At Harvard University they are not playing with Legos and building grand structures. Scientists are using DNA cells to make glue smart enough to build architecture smaller than the eye can see without the aid of human intervention.
Researchers have recently come up with the idea to glue together tiny bricks of material that are smaller than a grain of salt by using DNA to self-direct the architectural construction. The DNA glue, or smart glue makes the tiny water-filled, jelled bricks stick specifically to each other. The exciting new research which has the potential to accomplish major breakthroughs was reported in the Sept. 9 issue of Nature Communications.
Dr. Peng Yin, Ph. D. a member of the Wyss Institute at Harvard is senior co-author of this study along with Ali Khademhosseini, Ph.D. who is an associate faculty member at the institute. Both are very excited about their discovery. The glue will work with anything to assemble higher-order structures all on its own. How amazing is that?
What is being created from the DNA glue is a programmable, sophisticated architect, which can be applied to something as small as a 30-diameter piece of silt down to a 1mm grain of sand.
This discovery will allow the programmable glue to create items such as lenses, microchips as well as surgical glue to reattached human tissue.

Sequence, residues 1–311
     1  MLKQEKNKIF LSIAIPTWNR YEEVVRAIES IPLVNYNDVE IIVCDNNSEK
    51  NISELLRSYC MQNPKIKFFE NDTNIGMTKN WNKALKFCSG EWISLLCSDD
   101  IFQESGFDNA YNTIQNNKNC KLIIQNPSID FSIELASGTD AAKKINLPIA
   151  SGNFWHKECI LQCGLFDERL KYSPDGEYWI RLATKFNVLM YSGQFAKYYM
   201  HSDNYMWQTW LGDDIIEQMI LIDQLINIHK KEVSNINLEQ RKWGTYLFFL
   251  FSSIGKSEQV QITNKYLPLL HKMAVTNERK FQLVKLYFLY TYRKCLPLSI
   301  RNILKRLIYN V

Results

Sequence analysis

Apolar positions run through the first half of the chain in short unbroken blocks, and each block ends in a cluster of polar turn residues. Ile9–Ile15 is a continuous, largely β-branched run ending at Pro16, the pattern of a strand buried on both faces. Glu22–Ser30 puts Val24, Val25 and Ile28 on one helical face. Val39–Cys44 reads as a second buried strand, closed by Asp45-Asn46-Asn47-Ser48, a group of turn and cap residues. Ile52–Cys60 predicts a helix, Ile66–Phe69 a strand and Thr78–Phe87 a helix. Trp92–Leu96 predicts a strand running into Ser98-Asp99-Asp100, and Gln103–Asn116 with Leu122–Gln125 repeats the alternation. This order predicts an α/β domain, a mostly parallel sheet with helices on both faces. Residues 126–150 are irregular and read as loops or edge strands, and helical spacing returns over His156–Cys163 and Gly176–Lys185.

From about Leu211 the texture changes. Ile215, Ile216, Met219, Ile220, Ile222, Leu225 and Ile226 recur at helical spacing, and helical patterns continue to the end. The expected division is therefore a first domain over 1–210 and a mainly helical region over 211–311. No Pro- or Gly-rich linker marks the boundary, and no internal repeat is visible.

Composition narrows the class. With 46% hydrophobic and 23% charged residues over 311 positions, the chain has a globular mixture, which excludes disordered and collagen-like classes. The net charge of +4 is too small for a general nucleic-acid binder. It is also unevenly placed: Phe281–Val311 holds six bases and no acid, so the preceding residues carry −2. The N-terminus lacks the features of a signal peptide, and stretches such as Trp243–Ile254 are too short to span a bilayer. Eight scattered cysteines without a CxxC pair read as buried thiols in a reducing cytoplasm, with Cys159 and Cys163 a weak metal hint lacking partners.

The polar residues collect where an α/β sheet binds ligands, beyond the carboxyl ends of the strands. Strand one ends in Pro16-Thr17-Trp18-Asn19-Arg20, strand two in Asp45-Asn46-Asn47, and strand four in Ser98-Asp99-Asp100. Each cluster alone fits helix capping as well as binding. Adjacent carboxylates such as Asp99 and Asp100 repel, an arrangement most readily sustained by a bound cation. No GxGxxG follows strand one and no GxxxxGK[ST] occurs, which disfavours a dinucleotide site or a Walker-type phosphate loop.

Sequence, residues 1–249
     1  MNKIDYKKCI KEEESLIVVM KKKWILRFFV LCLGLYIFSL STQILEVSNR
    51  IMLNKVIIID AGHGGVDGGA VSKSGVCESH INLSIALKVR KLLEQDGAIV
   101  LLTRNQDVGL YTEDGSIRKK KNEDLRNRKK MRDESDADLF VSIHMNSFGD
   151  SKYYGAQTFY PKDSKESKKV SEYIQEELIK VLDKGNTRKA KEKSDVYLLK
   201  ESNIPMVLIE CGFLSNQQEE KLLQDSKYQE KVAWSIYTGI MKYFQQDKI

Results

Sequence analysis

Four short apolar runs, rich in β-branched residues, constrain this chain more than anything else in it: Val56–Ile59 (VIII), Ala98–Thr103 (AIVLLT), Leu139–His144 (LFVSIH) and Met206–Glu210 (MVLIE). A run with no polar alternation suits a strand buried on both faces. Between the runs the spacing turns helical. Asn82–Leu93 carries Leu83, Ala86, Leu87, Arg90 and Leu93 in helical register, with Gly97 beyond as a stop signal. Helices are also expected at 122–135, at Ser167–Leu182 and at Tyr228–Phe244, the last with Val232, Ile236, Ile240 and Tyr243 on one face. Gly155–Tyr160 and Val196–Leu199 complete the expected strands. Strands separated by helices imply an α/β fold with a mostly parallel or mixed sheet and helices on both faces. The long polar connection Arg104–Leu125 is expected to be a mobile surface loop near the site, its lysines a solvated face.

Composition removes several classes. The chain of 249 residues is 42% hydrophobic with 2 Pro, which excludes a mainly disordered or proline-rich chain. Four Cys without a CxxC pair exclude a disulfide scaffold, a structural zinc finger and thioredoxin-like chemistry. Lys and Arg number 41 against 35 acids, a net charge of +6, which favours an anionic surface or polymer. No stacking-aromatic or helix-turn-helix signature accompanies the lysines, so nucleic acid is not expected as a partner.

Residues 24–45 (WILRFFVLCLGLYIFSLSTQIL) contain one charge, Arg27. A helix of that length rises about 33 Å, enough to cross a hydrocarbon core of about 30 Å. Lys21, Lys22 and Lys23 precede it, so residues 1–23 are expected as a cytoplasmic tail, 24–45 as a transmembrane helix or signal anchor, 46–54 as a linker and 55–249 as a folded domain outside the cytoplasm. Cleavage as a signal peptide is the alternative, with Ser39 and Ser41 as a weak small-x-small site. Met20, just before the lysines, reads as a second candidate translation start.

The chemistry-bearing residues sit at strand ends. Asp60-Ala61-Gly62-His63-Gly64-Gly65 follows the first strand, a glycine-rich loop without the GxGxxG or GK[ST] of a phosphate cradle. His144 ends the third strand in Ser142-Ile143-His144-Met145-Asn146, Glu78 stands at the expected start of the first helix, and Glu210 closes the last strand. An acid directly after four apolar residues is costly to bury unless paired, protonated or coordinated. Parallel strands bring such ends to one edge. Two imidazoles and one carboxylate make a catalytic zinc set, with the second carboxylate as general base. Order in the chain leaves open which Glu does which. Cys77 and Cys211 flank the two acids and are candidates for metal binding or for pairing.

In creating a picture of how the glue works, normally when fabricating devices manufacturers begin by relying on a piece of material and then modify that material to fit the structure’s needs. Such as automobile manufacturers when they create the many variety of components for a vehicle and then have those components assembled in an assembly line type of fashion. The cars do not put themselves together, the assembly workers do.
As with the manufacturing systems, living organism also work in the same manner. By observing how the manufacturing techniques work, scientists attempted to think the same way for living organism, but are looking for their answers outside the manufactured box.
So what Harvard researchers did was took tiny bricks made from biodegradable gels called hydrogels and directed the bricks to self assemble themselves into a nanoscale 3D structure. With the experiment successful, researchers came up with an even better idea of creating an even smaller version, down to the mesoscale size.
When the Harvard scientist’s research initially began, the bricks would glom onto each other rather than self assemble to the desired structure. The problem being that the glue was not sticking to specific component locations, but piling on top of each other. The glue was just not thinking straight. There had to be something the researchers could use to make the glue smarter than the average Elmer’s glue bottle.
And what can be more scientifically intelligent than the mysterious qualities contained within a DNA strand?
Knowing that a strand of DNA will adhere to the next strand of DNA but only if that strand has a complementary sequence to the strand in which it is attaching their idea was perfect. When the scientists added DNA to the brick glue, the glue immediately knew to attach itself to specific components and not randomly glob a top of one another.
What the researchers’ created is the phenomenal ability for human tissues to reconstruct specifically, not randomly. Thus, through an injection rather than an individual having to go through major surgery with possibly weeks of recuperation the patient’s body tissue could reconstruct itself. Proving that DNA added to the glue will build the body tissues all by its smart little self.
Written by Lisa Graziano